The most common mechanism used to generate money is typically called the money multiplier. It measures the amount by which the commercial banking system increases the money supply. To control the amount of money created by the system, central banks place reserve ratios on the commercial banks which set the proportion of primary deposits the banks may not lend out. In the USA this ratio is 10%, in other countries there is no reserve ratio eg. the UK. The reserve ratio is to prevent banks from 1) having a shortage in money when a large demand of deposits is withdrawn 2) limited the amount of money that will be generated. The reserve ratio is determined by the Fed (Federal Reserve) and can be altered. This system works as follows. For example, let's assume that a primary deposit ie. cash of $100,000 is made into bank A. If the cash reserve ratio is 10%, then $10,000 must be kept on hand by the bank ($10,000 is 10% of $100,000) and up to $90,000 of new loans can be issued by the bank. When the $90,000 worth of loans are deposited back into the bank, this sum is added to the reserves of the bank and a further $81,000 ($81,000 is 90% of $90,000) can then be loaned by the bank out of those accounts. An example of the creation of new money: The following steps describe one way that new money can be created. It is an example from the US. The government issues a Treasury security. This is simply an IOU, a promise to pay the holder a specified sum of money on a particular date. In this example, let's say the government issues $1,000,000 worth of bonds. The Federal Reserve prints a check, in the amount of $1,000,000 and makes it payable to the government. This check is the proceeds from the sale of the bonds. The $1,000,000 of bonds is recorded as an asset by the Fed. (money owed to the central bank is called an "asset" by the bank) It is assumed the government, with its power to tax, will make good on its debt (this is why the people buying the bonds from the fed consider it a risk-free investment). The Fed can sell these bonds which are a liability of the government. Individual investors, pension funds, mutual funds, insurance agencies, banks, foreign government central banks, can all buy the bonds, effectively loaning money to the treasury. They do this to invest their money and receive interest in return. The government deposits the check in its own account. The government hires employees and buys things with the $1,000,000, and it does so by writing government checks. These government checks are then deposited in commercial banks. For the sake of simplicity, assume it all goes into one commercial bank, which has a zero balance to begin with. The commercial bank now claims $1,000,000 in new liabilities (the amount on deposit in a bank is called a "liability" by the bank, because the bank has to pay interest to it, amongst other things). In the US, the law allows the bank to makes loans so longs as it retains a 10% cash reserve. This lending of money that it has on deposit is the precise point at which new money is created, because the depositor still has his money, and the person getting the loan now has money too. If the $1,000,000 is held by the bank as notes then it can lend $900,000 to borrowers. $900,000 is loaned for various purposes eg. to buy a house. These loans are in the form of money transfer. The bank transfers the money to the buyer's attorney who transfers it to the seller, who deposits it right back into the bank. Note however, in real life that money would only come from the bank temporarily, which then would issue its own bonds or use a company like Fannie Mae to issue its own bonds, so that again investors can actually lend the money while the bank is simply a middleman, called a "servicer". The commercial bank now claims $900,000 in new liabilities. This money is put into reserves, and 90% of that, or $810,000 is lent out. As soon as the $810,000 is deposited back into the bank, the cycle repeats and repeats until there are no more borrowers. The total amount lent out to borrowers is $900,000. Add that to the $100,000 that it still has on deposit and the total is $1,000,000. To summarise money is created when banks/financial institutions lend the moneys deposited with them.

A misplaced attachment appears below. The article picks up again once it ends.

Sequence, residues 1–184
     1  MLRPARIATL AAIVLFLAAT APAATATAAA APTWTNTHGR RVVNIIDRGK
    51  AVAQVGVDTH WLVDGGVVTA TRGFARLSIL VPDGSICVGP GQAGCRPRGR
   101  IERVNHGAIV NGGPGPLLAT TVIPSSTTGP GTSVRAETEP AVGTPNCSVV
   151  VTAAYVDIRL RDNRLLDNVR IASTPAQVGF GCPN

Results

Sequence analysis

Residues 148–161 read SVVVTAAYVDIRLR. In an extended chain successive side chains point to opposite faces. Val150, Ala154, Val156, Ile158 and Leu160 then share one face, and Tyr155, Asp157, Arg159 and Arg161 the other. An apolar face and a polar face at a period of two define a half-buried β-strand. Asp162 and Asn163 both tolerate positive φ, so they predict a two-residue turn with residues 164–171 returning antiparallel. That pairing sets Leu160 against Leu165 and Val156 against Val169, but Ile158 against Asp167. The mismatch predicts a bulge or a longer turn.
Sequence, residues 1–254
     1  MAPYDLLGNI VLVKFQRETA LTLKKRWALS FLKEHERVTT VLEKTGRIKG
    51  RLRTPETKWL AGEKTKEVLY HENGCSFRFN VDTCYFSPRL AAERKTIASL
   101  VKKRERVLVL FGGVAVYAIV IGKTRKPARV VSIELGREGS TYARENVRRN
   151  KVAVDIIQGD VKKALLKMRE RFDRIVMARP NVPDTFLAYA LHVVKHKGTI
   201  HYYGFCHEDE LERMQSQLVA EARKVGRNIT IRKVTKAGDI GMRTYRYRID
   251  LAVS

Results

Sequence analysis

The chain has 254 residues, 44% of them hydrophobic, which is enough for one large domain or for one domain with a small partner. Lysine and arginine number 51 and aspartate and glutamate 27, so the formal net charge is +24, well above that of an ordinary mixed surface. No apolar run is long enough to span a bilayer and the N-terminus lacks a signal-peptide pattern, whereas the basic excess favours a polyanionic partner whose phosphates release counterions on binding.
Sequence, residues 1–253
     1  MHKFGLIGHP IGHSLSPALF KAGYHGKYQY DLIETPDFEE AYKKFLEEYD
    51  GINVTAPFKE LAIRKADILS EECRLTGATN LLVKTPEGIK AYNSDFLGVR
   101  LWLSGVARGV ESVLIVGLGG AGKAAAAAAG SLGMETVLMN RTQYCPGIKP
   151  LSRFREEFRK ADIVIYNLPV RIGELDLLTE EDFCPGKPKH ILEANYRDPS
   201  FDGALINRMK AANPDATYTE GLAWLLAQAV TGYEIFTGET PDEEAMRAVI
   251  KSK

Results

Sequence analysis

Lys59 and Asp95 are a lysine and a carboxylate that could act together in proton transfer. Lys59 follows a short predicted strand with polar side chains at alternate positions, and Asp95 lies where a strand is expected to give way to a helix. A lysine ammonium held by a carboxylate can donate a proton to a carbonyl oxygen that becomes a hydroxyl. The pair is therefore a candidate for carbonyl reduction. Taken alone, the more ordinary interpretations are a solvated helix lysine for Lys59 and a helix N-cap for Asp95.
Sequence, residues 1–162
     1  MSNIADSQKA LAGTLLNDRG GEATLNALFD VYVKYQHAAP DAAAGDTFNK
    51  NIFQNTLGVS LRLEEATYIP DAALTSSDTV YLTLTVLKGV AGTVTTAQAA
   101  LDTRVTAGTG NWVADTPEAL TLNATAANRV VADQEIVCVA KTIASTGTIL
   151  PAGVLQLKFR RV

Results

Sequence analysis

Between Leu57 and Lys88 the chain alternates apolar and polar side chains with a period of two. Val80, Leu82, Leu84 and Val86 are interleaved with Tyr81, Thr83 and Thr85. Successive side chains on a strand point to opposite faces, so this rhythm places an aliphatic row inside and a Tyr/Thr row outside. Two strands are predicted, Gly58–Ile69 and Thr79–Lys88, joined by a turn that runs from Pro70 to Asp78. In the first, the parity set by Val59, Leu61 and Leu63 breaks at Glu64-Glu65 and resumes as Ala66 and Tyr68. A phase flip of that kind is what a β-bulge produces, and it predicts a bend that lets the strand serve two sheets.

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  • Max
    Lv 5
    8 years ago

    Yes that's the amount they say you have in cash to pay down, make sure there is not other fees that they are asking you to pay, your realtor should explain all this to you, ask them to explain it to you, that's their job. If they don't, then i would find them suspect.

    http://www.realtor.com/home-finance/pre-funding-cl...

    Hope the link helps ya.

    Go with God

  • 4 years ago

    No one does in time it catches up with you. The money comes from the MINT and it is distributed to banks etc. Electronic is just a way of paying has nothing to do with what you have. Your electronic transaction would not go through if you don't have enough money to cover your expenses.

  • 8 years ago

    Yes. You are the borrower. Cash from borrower is money you pay.

  • 8 years ago

    You go to your realtor not the internet.